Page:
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To win over potential violent extremists we must win the battle of ideas, writes Maajid Nawaz

The murder of Lee Rigby, a British army soldier, has forced UK politicians to look again at their country’s counter-terrorism policies. And they must. The only way that we can win over potential jihadists to liberal democracy is by winning the battle of ideas.
This view is not universal: even after the shift announced last week, US President Barack Obama’s policy works principally on the assumption that, by decapitating al-Qaeda’s leadership with drone strikes and through relentless pressure, jihadist terrorism can be forced on to the run.

But one need only look at the rise of jihadist insurgencies in Somalia, northern Nigeria, northern Mali and Syria, successful jihadist attacks in Benghazi in Libya and In Amenas in Algeria, and the attacks on Boston and London’s Woolwich. These all demonstrate an uncomfortable truth: jihadism is no longer represented by any conventional organisation. It has become a brand – and brands generate followings without the need for leadership.

If the ideology of Islamism – as distinct from the religion of Islam – had in recent years become as toxic as the brand of, say, neoconservatism, we would by now be in a very different world. But it has not. Quite the opposite. There has been a failure to grasp how competing narratives fight for the attention of angry young Muslims, and we have grossly underestimated the appeal of the jihadist brand.

I have some insight into this. At 16, I joined the revolutionary Islamist group Hizb ut-Tahrir. Shortly afterwards in 1995, perhaps London’s first jihadist street murder by machete was perpetrated under my nose by one of my supporters at Newham College, east London, while I was president of the student union. Jihadism sprang from our extremist yet non-violent form of Islamism. If only someone had intervened before it had got to that stage.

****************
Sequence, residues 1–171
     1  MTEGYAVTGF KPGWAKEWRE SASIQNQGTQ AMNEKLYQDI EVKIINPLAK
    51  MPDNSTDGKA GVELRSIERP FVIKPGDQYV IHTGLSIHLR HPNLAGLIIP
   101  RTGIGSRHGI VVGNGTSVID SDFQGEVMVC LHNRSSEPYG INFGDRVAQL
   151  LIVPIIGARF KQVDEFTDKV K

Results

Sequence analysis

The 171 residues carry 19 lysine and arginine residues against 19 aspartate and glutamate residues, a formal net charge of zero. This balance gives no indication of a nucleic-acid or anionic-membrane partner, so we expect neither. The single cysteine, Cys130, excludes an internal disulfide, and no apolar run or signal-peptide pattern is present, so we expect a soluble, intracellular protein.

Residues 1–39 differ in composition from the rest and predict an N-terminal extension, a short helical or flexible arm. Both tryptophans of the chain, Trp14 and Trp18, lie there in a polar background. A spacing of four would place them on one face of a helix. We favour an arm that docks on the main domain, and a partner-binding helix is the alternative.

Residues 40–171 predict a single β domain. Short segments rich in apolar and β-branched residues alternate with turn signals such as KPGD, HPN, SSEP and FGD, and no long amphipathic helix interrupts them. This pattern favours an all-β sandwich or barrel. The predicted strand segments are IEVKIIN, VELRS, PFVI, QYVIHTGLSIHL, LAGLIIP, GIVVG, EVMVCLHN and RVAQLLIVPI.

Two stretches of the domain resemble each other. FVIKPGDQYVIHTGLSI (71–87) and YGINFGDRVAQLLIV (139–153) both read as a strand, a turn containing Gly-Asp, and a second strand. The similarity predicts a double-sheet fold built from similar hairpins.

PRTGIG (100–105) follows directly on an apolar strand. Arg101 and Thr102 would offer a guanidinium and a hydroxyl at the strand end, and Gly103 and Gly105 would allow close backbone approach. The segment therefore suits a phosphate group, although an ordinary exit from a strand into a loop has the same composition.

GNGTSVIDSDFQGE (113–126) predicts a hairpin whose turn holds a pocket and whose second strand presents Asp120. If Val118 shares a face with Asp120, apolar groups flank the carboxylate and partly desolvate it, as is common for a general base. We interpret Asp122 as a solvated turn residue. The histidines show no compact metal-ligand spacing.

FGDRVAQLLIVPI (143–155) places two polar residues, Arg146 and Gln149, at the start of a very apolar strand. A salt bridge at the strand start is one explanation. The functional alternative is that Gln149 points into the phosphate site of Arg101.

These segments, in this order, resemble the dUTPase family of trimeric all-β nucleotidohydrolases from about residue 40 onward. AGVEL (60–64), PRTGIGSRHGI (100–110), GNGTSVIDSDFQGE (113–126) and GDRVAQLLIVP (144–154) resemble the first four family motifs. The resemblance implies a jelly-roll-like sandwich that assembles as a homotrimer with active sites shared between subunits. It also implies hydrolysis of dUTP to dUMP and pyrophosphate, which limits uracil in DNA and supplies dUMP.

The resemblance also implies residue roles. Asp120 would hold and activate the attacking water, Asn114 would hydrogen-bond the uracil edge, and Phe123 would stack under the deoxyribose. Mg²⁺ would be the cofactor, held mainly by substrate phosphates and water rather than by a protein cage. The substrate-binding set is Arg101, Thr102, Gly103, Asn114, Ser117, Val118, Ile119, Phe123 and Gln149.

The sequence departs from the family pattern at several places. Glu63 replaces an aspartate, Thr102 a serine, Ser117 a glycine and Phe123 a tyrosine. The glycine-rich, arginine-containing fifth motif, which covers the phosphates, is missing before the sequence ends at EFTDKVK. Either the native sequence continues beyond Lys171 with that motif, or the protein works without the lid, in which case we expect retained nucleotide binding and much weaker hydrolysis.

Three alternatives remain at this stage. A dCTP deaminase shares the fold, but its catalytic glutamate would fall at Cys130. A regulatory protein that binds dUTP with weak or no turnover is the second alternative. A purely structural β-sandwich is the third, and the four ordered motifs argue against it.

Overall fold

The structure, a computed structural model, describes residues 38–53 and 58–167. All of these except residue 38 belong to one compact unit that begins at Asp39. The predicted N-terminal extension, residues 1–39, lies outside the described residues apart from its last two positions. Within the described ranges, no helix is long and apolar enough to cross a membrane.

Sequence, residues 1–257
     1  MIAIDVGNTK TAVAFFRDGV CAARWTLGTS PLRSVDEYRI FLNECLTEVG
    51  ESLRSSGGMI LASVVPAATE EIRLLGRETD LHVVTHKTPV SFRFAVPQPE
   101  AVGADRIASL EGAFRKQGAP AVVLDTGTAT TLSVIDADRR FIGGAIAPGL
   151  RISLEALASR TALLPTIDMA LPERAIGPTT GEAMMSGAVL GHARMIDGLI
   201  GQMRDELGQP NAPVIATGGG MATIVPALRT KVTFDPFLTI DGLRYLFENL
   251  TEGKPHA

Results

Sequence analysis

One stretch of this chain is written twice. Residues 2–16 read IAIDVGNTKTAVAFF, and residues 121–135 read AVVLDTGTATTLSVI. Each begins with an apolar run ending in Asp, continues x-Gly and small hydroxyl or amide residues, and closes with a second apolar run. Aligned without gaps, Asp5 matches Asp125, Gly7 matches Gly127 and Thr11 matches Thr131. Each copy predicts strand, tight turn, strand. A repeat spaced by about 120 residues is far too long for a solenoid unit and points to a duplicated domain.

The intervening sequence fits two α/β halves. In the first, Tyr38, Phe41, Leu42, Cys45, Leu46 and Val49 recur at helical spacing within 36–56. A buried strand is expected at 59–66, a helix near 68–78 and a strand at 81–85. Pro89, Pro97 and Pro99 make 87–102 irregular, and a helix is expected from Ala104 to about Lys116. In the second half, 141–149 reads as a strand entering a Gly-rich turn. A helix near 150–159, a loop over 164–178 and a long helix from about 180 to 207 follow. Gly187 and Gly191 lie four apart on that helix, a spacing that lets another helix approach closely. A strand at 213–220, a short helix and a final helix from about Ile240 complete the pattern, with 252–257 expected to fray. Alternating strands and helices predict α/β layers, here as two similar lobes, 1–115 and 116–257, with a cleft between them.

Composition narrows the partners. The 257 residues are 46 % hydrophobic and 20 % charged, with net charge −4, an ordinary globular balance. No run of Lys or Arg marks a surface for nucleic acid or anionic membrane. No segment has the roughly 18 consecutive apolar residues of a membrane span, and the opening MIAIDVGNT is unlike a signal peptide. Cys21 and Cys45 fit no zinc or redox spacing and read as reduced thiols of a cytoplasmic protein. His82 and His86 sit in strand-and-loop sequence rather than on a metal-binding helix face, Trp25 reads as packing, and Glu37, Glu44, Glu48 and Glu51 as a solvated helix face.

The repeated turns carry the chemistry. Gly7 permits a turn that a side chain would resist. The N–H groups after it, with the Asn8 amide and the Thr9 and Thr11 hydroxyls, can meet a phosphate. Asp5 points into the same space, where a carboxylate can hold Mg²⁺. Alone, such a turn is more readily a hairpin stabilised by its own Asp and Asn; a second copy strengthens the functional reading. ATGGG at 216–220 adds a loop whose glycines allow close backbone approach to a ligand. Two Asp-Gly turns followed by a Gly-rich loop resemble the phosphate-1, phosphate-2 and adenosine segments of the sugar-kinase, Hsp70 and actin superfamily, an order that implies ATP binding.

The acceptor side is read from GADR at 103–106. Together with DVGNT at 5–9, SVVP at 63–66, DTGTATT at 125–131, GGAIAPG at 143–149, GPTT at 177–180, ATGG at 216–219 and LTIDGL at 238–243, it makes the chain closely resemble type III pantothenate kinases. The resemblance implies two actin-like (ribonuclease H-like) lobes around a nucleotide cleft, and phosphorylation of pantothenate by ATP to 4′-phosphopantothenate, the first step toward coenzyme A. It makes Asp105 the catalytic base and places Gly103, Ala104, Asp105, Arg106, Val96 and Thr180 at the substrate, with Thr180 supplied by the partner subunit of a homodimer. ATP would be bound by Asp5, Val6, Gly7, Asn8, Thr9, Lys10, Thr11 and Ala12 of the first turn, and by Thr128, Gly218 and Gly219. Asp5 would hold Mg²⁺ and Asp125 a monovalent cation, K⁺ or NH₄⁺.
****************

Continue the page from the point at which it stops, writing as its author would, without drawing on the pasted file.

So, undermining the gloss of the jihadist brand is crucial – and this means challenging extremism before it leads to terrorism. Theresa May, home secretary, recently said that thousands of radicalised individuals are roaming the streets who are yet to break the law. One wonders why it took a brutal attack in London for the UK government finally to start looking to stem this supply pool for terrorism at its source.

The British state already invests in early intervention campaigns in drug abuse and sexual health. Challenging extremism should be no less of a priority. Back in 2011 the prime minister seemed to agree. He gave a speech in Munich on how we could undermine not just violent extremists but all extremism. This, however, was not followed through.

Indeed, it is has been more than a year and a half since officials were asked to devise a strategy to suppress extremism and promote integration and social cohesion. Yet the government still has no worked-through counter-extremism plan and few civil-society partners to implement a strategy.

The reason for this gridlock is simple: intellectual paralysis. In the couple of years they have on any portfolio before they rotate on, civil servants simply cannot be expected to acquire the expertise required. There has also been a serious lack of political will, exemplified by a failure to force departments to work in concert on this agenda and to make sure that policies are implemented. Now, in the wake of the Woolwich attack, the government has announced that it will convene a counter-extremism task force. So what should it do?

Crucially, it needs to see this issue as one of competing brands – and any action we take must not result in reinforcing the extremist brand. We must not only adhere to our own values but be seen to be adhering to them. Liberalism will beat totalitarianism by killing it softly, not by mimicking it. So one should be wary about seeking new powers to intercept communications or banning non-violent extremist groups such as Hizb ut-Tahrir.

What would be far more effective is seeding grass-roots initiatives that discredit extremist ideas, narratives, leaders and symbols, and instead popularise alternatives so the process of creating a new trend can begin. Such a shift has been achieved with racism and homophobia, which have gone from being norms to taboo. The law can help in this regard but was never the main solution.
To drive such a social change through, a central unit could indeed be useful. But it will need expertise, must not be a political campaigning tool and will need a clear sense of direction: a battle of ideas will not be won by a Whitehall committee. All the more so if it is comprised of the very people who failed to implement a much-needed counter-extremism strategy to begin with.
The writer is author of ‘Radical’ and chairman of Quilliam, a counter-extremism think-tank.

This article was originally published in ‘The Financial Times’ on 29th May 2013. Click here to view the original article.